Rural publicans want 'Drink -Link' tax incentives
Ross under fire for 'to Hell or to Connacht attitude'
Publicans have called for tax breaks to help boost rural transport services.
Last week Transport Minister Shane Ross announced details of a pilot rural transport service which will operate across 19 counties in Ireland from 6pm-11pm during the weekends in the summer months.
However, the plan, which has been labelled 'Drink-Link' has failed to take in any counties in Connacht.
Alan Gielty, owner of Gielty's Pub in Dooagh in Achill Island, Co Mayo and county chair of the Vintners Federation of Ireland (VFI), bought a Volkswagen transporter a number of years ago to carry his rural customers to and from the pub.
He claimed the failure of Minister Ross' plan to incorporate counties in the west is the same "hell or to Connacht attitude" the government has always had to the region, but doesn't think the plan would've been viable in the rural area anyway.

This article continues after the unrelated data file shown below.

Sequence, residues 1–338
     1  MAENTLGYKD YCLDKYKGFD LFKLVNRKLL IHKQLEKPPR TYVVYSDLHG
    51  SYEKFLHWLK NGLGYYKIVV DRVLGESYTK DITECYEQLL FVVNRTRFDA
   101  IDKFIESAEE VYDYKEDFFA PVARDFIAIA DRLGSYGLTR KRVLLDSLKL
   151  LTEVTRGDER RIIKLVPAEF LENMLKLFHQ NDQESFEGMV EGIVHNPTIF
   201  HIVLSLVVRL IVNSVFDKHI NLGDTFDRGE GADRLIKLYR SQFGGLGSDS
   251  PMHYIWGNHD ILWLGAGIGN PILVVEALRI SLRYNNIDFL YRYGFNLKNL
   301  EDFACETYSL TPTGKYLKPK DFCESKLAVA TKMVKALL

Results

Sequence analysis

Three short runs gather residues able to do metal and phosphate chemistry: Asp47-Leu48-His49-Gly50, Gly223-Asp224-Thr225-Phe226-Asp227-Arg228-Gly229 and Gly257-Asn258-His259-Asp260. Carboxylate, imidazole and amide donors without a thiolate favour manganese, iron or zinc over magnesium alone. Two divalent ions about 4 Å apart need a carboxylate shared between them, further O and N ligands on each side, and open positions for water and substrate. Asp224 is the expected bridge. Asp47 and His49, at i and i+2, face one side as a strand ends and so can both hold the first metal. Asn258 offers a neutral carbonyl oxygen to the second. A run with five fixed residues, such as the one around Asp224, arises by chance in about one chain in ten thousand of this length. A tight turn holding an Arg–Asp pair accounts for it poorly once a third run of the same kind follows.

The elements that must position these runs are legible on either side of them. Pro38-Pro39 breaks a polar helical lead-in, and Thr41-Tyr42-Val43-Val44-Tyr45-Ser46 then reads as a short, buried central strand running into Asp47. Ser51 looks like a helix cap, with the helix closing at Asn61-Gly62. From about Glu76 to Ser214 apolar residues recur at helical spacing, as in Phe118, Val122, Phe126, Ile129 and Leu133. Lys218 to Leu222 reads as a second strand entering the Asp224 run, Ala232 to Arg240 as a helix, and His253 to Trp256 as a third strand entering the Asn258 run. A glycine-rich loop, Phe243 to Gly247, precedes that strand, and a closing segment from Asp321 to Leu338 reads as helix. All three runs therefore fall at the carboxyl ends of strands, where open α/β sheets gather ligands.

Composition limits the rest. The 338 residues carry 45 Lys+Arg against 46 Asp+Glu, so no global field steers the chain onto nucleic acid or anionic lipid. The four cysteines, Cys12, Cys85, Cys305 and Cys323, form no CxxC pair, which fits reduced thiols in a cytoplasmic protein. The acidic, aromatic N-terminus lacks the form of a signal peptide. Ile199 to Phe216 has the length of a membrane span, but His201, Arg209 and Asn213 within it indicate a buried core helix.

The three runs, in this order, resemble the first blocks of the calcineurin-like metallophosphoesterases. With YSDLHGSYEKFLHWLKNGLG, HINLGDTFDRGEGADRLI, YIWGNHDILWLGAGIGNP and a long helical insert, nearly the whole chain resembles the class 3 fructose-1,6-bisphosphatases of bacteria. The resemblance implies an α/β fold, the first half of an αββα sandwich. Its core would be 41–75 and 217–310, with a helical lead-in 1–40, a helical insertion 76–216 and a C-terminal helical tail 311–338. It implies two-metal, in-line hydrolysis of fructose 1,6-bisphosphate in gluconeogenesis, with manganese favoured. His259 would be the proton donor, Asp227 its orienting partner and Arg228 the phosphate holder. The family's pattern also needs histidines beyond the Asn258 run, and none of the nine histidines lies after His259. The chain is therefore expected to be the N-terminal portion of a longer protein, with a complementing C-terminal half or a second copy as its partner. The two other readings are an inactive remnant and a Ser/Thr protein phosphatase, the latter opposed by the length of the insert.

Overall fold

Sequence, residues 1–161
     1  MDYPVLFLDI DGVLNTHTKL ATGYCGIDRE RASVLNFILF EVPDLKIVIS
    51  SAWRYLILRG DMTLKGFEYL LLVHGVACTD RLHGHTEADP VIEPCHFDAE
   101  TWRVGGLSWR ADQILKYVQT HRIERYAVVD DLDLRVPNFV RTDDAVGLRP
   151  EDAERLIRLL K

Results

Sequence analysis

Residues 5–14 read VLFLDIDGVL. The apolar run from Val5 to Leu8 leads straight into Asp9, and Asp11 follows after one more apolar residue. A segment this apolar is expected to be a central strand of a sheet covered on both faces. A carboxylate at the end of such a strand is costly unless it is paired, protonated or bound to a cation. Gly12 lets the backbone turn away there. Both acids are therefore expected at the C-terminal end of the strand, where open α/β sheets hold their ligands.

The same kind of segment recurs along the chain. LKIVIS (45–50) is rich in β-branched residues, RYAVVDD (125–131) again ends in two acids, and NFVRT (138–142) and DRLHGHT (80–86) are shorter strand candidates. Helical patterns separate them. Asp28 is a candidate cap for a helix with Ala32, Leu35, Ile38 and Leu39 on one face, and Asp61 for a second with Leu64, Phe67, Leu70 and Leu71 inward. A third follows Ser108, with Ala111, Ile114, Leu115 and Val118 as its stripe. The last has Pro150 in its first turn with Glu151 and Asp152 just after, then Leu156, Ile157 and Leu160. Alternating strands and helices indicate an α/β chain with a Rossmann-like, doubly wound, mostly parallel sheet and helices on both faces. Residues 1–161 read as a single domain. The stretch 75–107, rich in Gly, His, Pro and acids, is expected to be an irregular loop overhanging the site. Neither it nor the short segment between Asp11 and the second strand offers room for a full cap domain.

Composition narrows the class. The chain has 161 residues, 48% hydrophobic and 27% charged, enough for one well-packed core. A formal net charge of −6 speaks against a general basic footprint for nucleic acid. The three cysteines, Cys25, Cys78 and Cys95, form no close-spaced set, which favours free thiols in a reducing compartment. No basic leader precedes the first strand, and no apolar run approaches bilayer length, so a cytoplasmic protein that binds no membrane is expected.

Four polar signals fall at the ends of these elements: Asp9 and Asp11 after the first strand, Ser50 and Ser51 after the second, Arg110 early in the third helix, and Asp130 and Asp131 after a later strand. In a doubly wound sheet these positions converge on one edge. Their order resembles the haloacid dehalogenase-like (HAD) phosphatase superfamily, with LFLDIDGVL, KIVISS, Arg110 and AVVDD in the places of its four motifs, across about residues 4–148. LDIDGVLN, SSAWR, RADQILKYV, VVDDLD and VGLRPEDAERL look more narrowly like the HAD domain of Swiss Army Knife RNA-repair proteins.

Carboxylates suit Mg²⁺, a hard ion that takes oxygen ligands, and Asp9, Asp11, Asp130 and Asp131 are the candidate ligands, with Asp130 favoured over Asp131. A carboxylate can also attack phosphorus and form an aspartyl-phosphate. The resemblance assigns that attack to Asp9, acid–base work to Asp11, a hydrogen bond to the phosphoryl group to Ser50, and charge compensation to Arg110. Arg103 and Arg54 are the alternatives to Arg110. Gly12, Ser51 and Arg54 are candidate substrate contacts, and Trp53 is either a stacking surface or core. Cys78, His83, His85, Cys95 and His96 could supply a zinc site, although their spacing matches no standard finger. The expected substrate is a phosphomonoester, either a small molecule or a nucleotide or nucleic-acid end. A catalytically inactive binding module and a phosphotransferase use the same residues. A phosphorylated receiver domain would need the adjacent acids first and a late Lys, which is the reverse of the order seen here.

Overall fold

"We are disappointed that we are left out but I don't know how viable it would be in areas as isolated as north Mayo because it's a very scattered, catchment area. I'm sure a lot of buses wouldn't go down the narrow roads where some lads live because they wouldn't be able to get up there.
"It's the same hell or to Connacht attitude the government always has. If you look at the 2040 Plan there's no plans in there that include north Mayo," he said.
Instead of the 'drink-link' bus, Mr Gielty thinks pub owners should be offered a tax incentive to transport their rural customers to and from the pub.